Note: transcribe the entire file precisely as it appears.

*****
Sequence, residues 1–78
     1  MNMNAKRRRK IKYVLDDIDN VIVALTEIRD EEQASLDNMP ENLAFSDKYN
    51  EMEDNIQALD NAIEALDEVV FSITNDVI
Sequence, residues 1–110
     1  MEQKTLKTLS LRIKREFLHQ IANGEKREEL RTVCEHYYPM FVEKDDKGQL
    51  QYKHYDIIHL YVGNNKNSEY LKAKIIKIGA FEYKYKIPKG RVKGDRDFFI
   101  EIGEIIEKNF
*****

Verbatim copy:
Sequence, residues 1–78
     1  MNMNAKRRRK IKYVLDDIDN VIVALTEIRD EEQASLDNMP ENLAFSDKYN
    51  EMEDNIQALD NAIEALDEVV FSITNDVI
Sequence, residues 1–110
     1  MEQKTLKTLS LRIKREFLHQ IANGEKREEL RTVCEHYYPM FVEKDDKGQL
    51  QYKHYDIIHL YVGNNKNSEY LKAKIIKIGA FEYKYKIPKG RVKGDRDFFI
   101  EIGEIIEKNF